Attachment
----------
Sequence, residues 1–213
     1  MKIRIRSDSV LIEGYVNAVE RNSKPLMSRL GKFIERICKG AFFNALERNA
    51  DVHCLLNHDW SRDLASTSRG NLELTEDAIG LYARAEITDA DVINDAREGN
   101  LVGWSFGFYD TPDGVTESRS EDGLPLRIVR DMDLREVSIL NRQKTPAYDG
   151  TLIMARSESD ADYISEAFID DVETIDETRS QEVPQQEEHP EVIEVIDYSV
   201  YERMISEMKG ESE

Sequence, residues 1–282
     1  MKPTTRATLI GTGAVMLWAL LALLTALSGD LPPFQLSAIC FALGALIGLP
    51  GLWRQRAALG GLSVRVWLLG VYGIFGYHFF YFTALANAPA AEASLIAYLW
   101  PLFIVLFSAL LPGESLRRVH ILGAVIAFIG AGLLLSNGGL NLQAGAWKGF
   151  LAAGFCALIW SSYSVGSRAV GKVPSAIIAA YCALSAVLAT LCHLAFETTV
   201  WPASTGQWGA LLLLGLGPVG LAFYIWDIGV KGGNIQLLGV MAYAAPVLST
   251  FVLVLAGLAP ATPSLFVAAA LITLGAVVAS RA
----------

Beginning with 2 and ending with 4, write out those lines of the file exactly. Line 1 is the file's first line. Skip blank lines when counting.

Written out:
     1  MKIRIRSDSV LIEGYVNAVE RNSKPLMSRL GKFIERICKG AFFNALERNA
    51  DVHCLLNHDW SRDLASTSRG NLELTEDAIG LYARAEITDA DVINDAREGN
   101  LVGWSFGFYD TPDGVTESRS EDGLPLRIVR DMDLREVSIL NRQKTPAYDG